Lauren Sunderland and her daughter, Gwyneth.
Lauren Sunderland and her daughter, Gwyneth.

Some were professional journalists. Others worked in accounting. Others were traditional Mormon housewives. But these women are all taking part in an increasingly popular online community of bloggers—mommy bloggers.

Recent statistics have shown that, as of March 2012, there are about 4.2 million moms blogging in some form online. Some big-name mommy bloggers, such as The Pioneer Woman, Motherlode and Scary Mommy have gained everything from corporate sponsorships and internet notoriety to lecturing gigs at blogging conventions for their work. The rise in popularity of such blogs is evidence that the market for stay-at-home mothers’ stories and advice has been undervalued, according to one local blogger, Lauren Sunderland.

“Once you become a stay-at-home mom, you lose your credibility, basically,” she said. “It makes it even harder to tell your story. All of these women are leaving their careers and staying at home, and their story gets lost in the background. … We’re all sitting at home thinking, ‘I wonder if my life’s like anybody else’s.’ And then, all of a sudden, you find these stories that you relate to, and they’re interesting and intriguing.”

While the culture of mommy blogging is alive and well in all crevices of the internet, its presence is not as tangible in places like Reno. Many of blogs tend to lean on the religious side.

Sunderland’s blog, The Reno-Sparks Mom, aims to provide an online presence for mothers in Northern Nevada. In addition to sharing personal stories about her life with her husband and 1-year-old daughter, Gwyneth, Sunderland’s blog is intended to connect other area moms to local resources and to each other.

“It was really frustrating that there were no resources for moms or how to meet moms anywhere that I could find,” she said. “Going on the internet and researching stuff took a lot of time, so I just kind of looked around and thought, ‘OK, well, I can use my blog for that.’ I just kind of combined my creative blog with local resources. I kind of made a go-to spot that moms can come to look at and find the resources I was looking for.”

The Reno-Sparks Mom’s topics range from marriage and parenting to personal stories and do-it-yourself tutorials. Although she enjoys providing resources, such as information about Reno-area moms’ clubs and special events, Sunderland finds that both she and her readers seem to prefer entries about her everyday life.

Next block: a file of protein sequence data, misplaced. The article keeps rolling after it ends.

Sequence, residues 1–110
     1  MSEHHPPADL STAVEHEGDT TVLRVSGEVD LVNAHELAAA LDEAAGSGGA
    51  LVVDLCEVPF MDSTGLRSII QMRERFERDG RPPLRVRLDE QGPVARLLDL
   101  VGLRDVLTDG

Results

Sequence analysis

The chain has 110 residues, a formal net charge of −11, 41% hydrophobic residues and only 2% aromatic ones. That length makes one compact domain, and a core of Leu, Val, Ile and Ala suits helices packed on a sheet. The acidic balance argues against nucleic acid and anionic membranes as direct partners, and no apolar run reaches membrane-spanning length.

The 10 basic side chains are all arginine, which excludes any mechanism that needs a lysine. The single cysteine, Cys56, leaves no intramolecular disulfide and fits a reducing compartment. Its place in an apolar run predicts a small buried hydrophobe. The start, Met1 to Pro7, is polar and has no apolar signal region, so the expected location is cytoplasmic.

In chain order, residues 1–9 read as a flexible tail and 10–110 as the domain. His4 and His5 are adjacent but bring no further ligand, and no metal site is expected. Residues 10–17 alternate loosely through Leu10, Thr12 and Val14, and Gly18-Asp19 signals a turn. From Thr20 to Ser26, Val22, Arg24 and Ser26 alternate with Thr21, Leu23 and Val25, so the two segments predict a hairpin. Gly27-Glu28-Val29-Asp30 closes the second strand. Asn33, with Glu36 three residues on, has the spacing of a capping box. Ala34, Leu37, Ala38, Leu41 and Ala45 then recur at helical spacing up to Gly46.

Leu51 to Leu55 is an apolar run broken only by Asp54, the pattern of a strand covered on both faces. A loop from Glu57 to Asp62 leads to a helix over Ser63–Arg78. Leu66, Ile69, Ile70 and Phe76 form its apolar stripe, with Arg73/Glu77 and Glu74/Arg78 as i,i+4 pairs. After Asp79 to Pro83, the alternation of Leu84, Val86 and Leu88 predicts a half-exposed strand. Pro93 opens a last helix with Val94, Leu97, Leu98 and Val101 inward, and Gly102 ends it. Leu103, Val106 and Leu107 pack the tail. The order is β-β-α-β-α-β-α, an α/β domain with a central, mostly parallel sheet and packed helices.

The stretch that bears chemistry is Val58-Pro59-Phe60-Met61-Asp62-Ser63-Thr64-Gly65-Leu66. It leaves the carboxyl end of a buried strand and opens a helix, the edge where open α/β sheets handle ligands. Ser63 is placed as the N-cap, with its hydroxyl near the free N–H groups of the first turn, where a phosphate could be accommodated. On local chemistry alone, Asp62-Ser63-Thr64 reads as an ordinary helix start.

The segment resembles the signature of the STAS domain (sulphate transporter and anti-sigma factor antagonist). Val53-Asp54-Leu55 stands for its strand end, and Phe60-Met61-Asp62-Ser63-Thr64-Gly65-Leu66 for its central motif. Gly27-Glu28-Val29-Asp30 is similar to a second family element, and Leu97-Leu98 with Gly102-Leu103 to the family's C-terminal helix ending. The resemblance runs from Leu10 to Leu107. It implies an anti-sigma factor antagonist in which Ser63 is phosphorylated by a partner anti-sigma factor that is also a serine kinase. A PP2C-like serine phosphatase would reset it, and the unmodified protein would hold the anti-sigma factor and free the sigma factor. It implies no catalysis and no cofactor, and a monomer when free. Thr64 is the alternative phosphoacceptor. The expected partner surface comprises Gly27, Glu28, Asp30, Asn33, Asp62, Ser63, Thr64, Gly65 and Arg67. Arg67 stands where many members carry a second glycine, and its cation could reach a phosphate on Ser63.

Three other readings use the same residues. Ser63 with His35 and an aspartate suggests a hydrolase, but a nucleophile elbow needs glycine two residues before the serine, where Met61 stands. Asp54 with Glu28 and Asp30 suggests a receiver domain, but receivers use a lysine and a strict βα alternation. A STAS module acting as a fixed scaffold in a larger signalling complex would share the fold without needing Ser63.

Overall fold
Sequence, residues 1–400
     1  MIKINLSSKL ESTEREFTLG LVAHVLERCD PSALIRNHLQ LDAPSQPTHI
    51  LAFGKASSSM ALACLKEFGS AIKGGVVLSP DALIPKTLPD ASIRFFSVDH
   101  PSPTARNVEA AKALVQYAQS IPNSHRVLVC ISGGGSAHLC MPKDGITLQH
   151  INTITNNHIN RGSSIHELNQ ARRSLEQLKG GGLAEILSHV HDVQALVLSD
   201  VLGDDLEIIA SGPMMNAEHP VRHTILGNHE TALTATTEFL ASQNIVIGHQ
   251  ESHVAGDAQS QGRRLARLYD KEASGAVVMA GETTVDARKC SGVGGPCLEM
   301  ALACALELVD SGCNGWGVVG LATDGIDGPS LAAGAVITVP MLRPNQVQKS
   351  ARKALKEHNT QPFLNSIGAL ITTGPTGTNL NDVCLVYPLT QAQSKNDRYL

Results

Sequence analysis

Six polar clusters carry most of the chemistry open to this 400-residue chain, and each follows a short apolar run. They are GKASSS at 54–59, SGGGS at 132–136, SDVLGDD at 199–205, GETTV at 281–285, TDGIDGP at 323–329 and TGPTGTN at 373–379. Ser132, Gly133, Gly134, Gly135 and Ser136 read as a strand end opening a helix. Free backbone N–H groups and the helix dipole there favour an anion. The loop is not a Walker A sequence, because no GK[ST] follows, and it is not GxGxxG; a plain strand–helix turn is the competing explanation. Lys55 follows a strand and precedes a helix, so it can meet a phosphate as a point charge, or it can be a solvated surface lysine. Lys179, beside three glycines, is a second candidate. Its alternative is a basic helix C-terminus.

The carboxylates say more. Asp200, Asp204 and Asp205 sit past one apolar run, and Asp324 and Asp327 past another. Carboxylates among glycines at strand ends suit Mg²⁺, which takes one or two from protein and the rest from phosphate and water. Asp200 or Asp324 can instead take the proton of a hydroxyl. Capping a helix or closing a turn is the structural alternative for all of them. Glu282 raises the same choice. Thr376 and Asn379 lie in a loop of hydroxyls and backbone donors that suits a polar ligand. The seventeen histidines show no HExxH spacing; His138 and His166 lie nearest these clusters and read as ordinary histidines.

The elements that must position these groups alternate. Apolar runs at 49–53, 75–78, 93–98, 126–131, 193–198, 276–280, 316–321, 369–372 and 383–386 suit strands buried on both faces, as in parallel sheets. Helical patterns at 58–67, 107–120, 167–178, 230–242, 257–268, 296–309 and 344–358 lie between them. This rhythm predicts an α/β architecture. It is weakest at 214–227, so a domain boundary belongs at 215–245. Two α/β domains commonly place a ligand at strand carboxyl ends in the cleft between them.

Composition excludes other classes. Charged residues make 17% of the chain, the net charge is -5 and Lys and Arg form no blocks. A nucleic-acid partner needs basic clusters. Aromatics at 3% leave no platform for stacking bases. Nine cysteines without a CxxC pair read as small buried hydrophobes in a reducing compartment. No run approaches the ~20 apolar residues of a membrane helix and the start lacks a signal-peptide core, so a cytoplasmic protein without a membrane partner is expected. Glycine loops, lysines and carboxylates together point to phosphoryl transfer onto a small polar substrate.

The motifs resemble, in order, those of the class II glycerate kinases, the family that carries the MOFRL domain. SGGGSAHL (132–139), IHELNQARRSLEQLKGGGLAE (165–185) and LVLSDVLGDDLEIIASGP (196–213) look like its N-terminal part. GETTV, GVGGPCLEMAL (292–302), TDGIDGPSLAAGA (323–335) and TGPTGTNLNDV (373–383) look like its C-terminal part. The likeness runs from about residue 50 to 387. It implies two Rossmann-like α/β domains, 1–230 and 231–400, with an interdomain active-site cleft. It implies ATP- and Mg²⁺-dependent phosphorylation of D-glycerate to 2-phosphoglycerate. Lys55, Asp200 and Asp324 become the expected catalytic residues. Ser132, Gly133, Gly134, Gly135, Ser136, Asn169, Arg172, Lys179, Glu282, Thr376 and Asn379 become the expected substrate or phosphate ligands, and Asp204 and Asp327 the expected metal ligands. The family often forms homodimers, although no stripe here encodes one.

“We made our own fingerpaints the other day, and it was fun to share pictures of my daughter playing in her fingerpaints and our story with the fingerpaint,” she said. “Then, I discovered that my readers actually respond to those posts as well. They enjoy the day-to-day life things, too. I think they can relate to something, and there are not many things out there showing the daily life of real stay-at-home moms.”

And, while the blog is generally cheerful, Sunderland has found that it isn’t all as easy as some of the more picture-perfect mommy bloggers would lead readers to believe. She recently had to resign from regularly updating a calendar featuring parent-and-child events in Northern Nevada due to the amount of time involved in both parenting and blogging. (“It works well as long as she’s napping,” Sunderland said, laughing.)

She is also unafraid to show some of the more unglamorous aspects of motherhood, including her struggles with depression, despite pressure she feels from the blogosphere to cover only the most aesthetically-pleasing elements of her life.

“I pride myself in that I kind of keep it real,” she said. “My house isn’t always clean. I put pictures of my dirty home in the background. … Sometimes I’ll take a picture and be like, ‘Oh, geez, that’s just dirty in the background’ or I’ll sit down to write a story and realize that it was crappy, and I have nothing good to write about. There’s definitely a pressure, but I think people actually relate to the realism.”

Although mommy blogs have been considered frivolous by some, the popularity of the phenomenon is an undeniable indicator that there is an audience that craves the advice, reassurance and entertainment they can provide.

“It’s really easy to just discount these mommy bloggers and all of us as just women talking about their stay-at-home, boring lives,” Sunderland said. “But, really, we have backgrounds, and we have a voice, and it’s pretty awesome that we’re able to share that from our home.”

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